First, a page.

Pride month: Sexualities in Society

Posted on: 14 June 2021 by Dr Mike Homfray in Blog

Image of the rainbow Pride flags

Dr Mike Homfray is a lecturer in the Department of Sociology, Social Policy and Criminology (SSPC). Dr Homfray is also an SSPC alumnus, studying both his MA and PhD in the department. In this blog, Dr Homfray discusses his second-year module 'Sexualities in Society' (SOCI218).

Back in 1995, I decided to take the plunge and registered for a full-time MA at the University, within what was then the Department of Sociology, Social Policy and Social Work. I had always had an idea that I would like to return to University, and study for a doctorate, and after (much to my surprise) achieving a distinction, I registered for a PhD in the same department. I wanted to research into an area which reflected my own interests and experiences, and two of them came together by looking at gay and lesbian equality and the idea of ‘community’ which had become a dominant discourse of the government at the time. I wanted to explore whether the theory of ‘communitarianism’ made any sense when related to a minority community of interest or identity, rather than a geographically defined community. Lack of funds meant the PhD was studied part-time but eventually I was successful in gaining a doctorate and also a publication, with the book being issued under the title “Provincial Queens: the gay and lesbian community in the North of England”.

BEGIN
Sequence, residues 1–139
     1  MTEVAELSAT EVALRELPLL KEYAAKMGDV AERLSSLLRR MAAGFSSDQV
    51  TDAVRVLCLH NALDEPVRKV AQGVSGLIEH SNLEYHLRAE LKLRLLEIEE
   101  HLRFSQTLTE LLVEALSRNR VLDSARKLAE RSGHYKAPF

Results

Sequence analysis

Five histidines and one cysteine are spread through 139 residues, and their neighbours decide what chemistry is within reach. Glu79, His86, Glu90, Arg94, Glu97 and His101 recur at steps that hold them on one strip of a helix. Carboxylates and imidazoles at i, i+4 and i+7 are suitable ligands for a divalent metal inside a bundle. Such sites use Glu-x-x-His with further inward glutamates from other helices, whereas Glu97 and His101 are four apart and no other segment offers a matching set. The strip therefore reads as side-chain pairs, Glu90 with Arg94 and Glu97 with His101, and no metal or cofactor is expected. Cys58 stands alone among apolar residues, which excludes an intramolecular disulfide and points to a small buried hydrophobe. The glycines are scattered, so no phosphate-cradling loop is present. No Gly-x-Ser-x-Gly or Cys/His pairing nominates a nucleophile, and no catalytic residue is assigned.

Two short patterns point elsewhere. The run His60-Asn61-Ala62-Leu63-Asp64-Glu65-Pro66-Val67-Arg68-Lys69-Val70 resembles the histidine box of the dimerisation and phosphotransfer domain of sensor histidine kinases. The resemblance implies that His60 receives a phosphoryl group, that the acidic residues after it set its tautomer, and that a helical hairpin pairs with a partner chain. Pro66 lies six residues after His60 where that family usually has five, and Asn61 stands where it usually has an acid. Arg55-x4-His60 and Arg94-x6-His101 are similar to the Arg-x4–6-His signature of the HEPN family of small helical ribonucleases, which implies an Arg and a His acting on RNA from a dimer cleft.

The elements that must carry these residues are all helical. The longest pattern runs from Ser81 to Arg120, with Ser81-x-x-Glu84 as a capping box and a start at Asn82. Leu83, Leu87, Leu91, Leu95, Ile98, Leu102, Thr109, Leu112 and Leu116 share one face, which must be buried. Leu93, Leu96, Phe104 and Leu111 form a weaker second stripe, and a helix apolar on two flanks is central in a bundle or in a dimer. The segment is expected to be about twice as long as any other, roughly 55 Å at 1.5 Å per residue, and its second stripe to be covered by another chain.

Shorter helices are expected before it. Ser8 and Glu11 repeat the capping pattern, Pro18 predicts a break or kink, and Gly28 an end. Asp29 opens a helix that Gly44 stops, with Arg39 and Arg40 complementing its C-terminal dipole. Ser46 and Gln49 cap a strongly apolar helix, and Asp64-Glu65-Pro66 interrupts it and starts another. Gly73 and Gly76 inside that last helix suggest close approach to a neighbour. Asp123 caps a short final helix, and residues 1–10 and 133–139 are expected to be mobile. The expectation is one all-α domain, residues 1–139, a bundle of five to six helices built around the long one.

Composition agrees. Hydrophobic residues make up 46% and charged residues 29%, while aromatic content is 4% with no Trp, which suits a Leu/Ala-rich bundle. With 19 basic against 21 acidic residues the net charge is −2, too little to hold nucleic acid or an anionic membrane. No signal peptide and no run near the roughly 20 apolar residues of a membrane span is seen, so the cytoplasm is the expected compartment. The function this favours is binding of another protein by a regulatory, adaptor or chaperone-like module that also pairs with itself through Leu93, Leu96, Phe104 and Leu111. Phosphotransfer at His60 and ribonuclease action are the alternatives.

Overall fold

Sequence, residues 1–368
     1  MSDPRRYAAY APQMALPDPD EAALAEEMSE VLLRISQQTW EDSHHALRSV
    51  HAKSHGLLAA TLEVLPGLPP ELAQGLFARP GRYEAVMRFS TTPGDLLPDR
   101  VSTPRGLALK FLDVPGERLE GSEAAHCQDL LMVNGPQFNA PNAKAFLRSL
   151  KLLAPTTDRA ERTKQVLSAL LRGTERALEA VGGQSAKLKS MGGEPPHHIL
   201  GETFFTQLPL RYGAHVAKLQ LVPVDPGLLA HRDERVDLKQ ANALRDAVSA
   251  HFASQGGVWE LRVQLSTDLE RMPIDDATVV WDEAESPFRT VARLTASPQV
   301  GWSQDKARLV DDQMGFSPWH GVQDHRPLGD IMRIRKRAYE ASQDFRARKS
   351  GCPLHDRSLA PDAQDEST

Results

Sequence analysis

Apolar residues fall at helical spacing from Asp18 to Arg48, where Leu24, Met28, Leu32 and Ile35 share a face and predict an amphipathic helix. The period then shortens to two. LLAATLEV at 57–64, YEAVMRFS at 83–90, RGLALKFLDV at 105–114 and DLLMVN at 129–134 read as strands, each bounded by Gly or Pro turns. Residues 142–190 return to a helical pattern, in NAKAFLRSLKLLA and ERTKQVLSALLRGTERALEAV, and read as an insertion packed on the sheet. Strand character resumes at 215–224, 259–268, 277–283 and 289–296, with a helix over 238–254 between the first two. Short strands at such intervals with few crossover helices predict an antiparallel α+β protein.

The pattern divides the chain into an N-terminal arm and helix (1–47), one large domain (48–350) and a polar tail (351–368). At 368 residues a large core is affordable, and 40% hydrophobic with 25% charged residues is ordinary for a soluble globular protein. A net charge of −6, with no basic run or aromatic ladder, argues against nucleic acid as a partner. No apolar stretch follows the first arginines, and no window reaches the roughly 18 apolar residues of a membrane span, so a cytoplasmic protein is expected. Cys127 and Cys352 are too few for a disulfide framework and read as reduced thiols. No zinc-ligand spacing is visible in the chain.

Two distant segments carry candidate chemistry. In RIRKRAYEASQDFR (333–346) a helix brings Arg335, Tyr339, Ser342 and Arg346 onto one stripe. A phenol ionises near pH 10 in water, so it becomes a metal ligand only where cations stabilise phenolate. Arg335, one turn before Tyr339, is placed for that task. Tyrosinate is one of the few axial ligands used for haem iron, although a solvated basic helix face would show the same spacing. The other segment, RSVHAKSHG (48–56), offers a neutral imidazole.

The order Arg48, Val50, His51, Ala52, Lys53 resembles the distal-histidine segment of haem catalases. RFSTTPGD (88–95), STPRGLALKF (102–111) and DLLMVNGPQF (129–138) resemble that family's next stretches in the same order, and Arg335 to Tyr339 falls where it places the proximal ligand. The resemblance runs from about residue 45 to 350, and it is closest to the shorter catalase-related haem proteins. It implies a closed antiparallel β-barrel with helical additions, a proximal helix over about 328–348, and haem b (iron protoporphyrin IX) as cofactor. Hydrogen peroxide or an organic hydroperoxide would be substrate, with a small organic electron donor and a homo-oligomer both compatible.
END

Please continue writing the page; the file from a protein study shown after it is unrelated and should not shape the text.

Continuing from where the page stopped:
I had been involved in a range of activities, notably setting up a local helpline, being chair of a police Liaison group, and a local ‘community forum’ to engage with local service providers. Now, at 59, and having seen many of the things we worked for so hard become reality, I am less active, though do help to run an LGBT supporters group for Everton fans, the Rainbow Toffees. Workwise, I spent time at a variety of institutions on part-time sessional contracts, and in 2018 was approached by the University to cover some specific modules and teaching following the departure of a member of staff. Towards the end of that year I was successful in gaining a position as University Teacher in the same department – Sociology, Social Policy and Criminology.

Image of Dr Homfray with 'Rainbow Toffees' flag at Everton Football Club's home stadium, Goodison Park

Dr Mike Homfray (right) helps to run an LGBT supporters group for Everton fans called 'The Rainbow Toffees'.